In another, recent high-profile trial, which resulted in a not-guilty verdict, there was a great deal of public sympathy for the accused. Their career was “blighted” and their reputation “ruined”. And while the accused was found not guilty of the crime with which they was charged, evidence in court highlighted their less-than-palatable attitude towards women.

And how is she now, a young woman who believed a crime was committed against her, and who reported it to the authorities, and who became a witness in a trial?

Is her life ruined? How is her reputation? What does her life look like now? Can she hold her head high in her community, when walking down her main street to get a coffee or drop a book back to her local library? Where are our sympathies for her?

And this week, as the verdict came in for the murder of Ana Kriegel, there were attempts by the media to focus on the young woman whose life was not just ruined, but whose life was brutally and forcefully ended. However, there was still focus by the public on how the verdict will affect the lives of the two boys who have now been found guilty of murder.

We read about them resting their head on their parents’ shoulder or their hand in their mother’s lap. Whose empathy would not be elicited, if even for a micro second, picturing a young teenage boy in a courtroom in such a situation?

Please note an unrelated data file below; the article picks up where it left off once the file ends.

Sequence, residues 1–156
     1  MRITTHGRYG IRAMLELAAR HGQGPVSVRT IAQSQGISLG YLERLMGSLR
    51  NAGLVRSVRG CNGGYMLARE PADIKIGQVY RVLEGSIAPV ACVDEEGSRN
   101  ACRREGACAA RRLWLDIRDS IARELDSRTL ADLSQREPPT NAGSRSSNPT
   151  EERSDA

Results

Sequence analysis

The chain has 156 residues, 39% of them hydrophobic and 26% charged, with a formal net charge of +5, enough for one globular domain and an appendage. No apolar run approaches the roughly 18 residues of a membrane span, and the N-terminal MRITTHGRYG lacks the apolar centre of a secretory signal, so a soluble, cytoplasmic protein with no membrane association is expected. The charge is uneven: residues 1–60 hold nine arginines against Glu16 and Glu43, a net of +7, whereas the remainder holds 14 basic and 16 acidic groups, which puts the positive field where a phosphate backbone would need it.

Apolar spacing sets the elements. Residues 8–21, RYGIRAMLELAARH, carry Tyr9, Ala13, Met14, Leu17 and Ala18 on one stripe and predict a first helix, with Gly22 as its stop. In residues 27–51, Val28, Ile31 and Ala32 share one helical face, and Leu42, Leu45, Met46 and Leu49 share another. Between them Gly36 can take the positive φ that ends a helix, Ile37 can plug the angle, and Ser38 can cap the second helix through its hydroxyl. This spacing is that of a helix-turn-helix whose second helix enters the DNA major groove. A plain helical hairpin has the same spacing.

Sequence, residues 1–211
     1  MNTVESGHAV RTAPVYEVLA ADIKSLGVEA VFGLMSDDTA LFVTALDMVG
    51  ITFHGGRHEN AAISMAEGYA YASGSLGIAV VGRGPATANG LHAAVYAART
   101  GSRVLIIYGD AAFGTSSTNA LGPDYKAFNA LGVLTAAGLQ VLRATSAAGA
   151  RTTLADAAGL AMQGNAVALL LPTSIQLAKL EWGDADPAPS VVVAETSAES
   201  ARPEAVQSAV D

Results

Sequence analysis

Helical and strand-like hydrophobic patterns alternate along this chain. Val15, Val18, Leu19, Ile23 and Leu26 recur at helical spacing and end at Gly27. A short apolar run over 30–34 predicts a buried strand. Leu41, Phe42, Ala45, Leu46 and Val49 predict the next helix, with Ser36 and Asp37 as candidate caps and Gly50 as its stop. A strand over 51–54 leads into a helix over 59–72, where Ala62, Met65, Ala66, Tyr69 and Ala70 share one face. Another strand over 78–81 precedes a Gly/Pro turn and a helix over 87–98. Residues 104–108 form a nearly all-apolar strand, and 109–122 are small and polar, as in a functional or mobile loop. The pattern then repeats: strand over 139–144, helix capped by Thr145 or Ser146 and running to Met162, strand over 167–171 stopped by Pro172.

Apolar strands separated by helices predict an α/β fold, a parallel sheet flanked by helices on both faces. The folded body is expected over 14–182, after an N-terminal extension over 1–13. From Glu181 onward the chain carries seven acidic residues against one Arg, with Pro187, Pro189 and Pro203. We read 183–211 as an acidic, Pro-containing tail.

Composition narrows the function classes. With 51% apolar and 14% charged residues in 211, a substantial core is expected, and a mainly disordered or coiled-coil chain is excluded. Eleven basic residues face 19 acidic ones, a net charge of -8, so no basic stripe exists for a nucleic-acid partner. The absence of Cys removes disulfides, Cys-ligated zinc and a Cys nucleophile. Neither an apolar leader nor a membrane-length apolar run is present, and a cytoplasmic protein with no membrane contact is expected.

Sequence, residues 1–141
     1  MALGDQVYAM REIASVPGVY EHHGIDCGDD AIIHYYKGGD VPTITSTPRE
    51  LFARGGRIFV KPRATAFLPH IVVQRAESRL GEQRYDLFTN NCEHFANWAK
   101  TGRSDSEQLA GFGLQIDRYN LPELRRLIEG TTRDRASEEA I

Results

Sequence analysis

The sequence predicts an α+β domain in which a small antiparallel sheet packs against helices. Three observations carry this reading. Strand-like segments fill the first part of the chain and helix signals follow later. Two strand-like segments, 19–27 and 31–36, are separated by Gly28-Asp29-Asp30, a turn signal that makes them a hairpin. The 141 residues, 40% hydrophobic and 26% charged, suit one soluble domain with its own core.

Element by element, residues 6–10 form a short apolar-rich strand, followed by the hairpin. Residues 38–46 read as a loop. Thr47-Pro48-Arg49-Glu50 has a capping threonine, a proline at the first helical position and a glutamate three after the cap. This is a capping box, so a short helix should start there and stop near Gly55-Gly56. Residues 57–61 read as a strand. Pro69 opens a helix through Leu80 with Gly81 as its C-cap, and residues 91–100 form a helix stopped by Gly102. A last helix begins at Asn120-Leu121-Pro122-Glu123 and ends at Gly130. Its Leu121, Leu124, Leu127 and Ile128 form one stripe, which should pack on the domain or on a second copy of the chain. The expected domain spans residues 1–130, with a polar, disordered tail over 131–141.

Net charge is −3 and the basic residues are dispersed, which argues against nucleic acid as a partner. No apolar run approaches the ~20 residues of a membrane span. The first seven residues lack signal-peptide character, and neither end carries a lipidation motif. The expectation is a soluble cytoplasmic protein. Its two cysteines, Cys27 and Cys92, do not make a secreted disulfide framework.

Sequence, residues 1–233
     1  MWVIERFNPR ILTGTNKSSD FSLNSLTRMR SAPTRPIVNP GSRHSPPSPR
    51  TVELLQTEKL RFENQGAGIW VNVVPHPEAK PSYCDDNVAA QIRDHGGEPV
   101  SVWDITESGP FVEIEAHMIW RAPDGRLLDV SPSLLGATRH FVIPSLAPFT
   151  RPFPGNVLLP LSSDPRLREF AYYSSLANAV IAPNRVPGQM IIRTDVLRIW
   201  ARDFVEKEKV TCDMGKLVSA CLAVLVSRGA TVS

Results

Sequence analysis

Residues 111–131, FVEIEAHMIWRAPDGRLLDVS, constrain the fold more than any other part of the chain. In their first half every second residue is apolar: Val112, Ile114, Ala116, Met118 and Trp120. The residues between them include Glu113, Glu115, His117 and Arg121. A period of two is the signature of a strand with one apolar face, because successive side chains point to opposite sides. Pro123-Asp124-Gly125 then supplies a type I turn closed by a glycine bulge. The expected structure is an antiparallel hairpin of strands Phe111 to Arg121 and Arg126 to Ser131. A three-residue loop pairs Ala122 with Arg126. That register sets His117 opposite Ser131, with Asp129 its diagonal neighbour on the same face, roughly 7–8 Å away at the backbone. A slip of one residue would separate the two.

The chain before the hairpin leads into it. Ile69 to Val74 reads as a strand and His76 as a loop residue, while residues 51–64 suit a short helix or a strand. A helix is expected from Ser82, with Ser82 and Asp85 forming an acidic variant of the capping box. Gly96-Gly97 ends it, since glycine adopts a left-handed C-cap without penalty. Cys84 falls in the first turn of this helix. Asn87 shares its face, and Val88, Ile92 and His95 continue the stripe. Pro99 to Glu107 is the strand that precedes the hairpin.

But what about Ana? Nothing Ana did contributed to her assault and death. She was young, and like everyone of every age, she sought human connection, be that through sports or dancing or simply friendship.

Ana had no hand, act, or part in her assault or death. Someone else was wholly responsible for both of those crimes.

And while it’s OK to grapple with how someone so young can perpetrate such an offence, it is never acceptable to look at the victim for how they behaved. They were busy living and trusting and engaging with life and the people in their life.